Or look at Greg's comments about Salsa Music, played by his supposedly illegal neighbors, but which could easily be played loudly by ANY hispanic household.
But his comment about the ESL program is even worse. Sure, illegals mostly don't speak english. But many legal immigrants don't speak english, and children of legal immigrants go to school. Some of them are actually BORN here and are citizens, and school is their first real confrontation of the english language. In other words, while ESL serves illegals, it also serves a population of legal immigrant children AND citizen children.
Legal immigrants and citizens could look at what Greg said, and see a man who wants to deny their children the ability to learn the language of our country, because he's concerned they won't spend enough on his own child.
I'm pretty sure that's not what Greg was thinking when he made his statement to the Post, but that's what he said, from the WP article: "He worries about crime, he said, and about his daughters, Lillian, 5, and Marian, 2, and whether public school resources are being diverted to English as a Second Language programs."
When we make the issue "Salsa music", or "multiple families living in a house", or "kids playing in the street at all hours", or "they don't speak english", we are straying off the issue of "illegal immigration" into a cultural battle with a growing hispanic population.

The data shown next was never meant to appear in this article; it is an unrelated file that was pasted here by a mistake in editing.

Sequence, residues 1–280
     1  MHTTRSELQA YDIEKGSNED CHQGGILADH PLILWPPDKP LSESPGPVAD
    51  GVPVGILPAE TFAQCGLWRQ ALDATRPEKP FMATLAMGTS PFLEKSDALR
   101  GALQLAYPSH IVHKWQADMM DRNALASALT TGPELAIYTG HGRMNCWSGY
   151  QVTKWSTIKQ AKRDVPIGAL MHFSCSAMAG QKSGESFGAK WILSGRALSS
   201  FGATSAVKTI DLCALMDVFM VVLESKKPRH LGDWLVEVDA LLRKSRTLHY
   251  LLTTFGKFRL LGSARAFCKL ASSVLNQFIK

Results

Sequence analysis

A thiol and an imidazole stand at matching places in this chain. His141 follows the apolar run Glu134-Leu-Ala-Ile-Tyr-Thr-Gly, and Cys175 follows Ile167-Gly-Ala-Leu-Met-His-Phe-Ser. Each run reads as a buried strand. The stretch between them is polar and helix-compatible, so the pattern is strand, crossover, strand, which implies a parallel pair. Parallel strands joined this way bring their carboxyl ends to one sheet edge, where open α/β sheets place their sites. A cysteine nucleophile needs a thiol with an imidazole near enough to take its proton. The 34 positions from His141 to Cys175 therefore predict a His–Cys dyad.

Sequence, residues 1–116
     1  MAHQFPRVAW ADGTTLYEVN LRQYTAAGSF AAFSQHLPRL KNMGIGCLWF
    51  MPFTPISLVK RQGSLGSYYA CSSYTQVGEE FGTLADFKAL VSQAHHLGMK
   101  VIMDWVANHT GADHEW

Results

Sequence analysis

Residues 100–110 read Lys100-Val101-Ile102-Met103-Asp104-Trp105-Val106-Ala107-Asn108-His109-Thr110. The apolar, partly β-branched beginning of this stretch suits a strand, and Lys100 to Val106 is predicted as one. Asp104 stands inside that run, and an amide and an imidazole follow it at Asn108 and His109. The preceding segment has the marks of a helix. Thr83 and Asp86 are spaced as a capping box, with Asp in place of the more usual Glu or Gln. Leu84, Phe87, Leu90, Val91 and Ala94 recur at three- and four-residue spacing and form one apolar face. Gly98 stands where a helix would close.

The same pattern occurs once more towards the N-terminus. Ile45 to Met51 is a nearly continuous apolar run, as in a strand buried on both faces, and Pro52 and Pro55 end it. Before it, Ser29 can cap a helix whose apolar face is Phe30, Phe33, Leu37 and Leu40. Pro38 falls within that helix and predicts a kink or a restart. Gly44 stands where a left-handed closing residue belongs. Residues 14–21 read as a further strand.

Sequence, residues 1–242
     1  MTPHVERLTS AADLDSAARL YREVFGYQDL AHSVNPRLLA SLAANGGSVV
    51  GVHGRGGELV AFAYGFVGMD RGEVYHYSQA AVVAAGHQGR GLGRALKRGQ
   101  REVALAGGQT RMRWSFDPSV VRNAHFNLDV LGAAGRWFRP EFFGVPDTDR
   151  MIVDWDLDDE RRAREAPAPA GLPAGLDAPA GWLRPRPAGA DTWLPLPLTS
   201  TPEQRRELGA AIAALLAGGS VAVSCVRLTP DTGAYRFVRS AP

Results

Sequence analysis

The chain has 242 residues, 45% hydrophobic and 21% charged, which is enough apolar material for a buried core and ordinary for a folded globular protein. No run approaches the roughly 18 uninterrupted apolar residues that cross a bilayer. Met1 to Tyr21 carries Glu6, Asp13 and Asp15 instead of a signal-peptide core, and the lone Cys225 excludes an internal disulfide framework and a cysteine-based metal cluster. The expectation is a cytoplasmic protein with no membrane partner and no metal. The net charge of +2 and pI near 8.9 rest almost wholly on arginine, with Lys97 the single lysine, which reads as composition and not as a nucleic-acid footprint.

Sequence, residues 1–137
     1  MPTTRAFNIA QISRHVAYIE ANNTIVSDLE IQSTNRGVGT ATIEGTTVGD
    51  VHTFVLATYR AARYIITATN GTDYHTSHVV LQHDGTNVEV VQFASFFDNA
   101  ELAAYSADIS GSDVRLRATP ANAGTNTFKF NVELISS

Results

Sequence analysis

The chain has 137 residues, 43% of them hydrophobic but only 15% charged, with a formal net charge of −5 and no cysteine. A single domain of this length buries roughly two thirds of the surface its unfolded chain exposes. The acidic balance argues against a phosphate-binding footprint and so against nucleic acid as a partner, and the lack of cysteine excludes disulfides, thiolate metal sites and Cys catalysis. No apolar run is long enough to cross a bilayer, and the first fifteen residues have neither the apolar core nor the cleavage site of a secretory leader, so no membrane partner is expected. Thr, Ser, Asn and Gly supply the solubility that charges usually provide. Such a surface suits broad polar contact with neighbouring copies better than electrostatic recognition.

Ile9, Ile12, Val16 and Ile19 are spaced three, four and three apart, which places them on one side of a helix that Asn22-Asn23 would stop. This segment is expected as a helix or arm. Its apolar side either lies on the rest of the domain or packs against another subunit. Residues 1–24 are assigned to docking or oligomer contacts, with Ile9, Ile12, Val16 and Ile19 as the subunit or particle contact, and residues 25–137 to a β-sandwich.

And there are many dangers in that approach, not the least of which is this: The legal hispanic community, seeing that much of the focus of the "anti-illegal-immigrant" crowd is actually about things they all do, may decide that kicking out all the illegals will simply reduce their population so much that the anti-illegal crowd will then be able to fix all these "problems" with the hispanic culture. You certainly won't get them to support your efforts to curb illegal immigration if you use attacks on hispanic culture to justify it.
The sad thing is, there's no need to do that anyway. We oppose illegal immigrants because they are illegal, they are breaking the law, living under the radar, and are a security risk and a threat to themselves and others.
It has nothing to do with them speaking spanish, or playing salsa music.
UPDATE: James had a valid criticism of my use of the word "lie" regarding Greg's incorrect reading of the RPV plan. Greg simply didn't care enough to read the RPV plan before commenting. My indignation wasn't so much for Greg's sloppy work reporting what the RPV plan said, but rather that he used the false claims to attack Tom Kopko. So it was wrong to say he "lied", but he did employ a reckless disregard for the truth in his attempts to smear his political opponents.
I will note that this exchange with James is a good illustration of the difference between "National Enquirer-type blogs like Greg's, and blogs which seek to report the truth. Commenters over at BVBL would be shocked to see James correcting my statement, or to see a blogger accept the correction -- at BVBL, it's normal to accuse people of things they didn't do.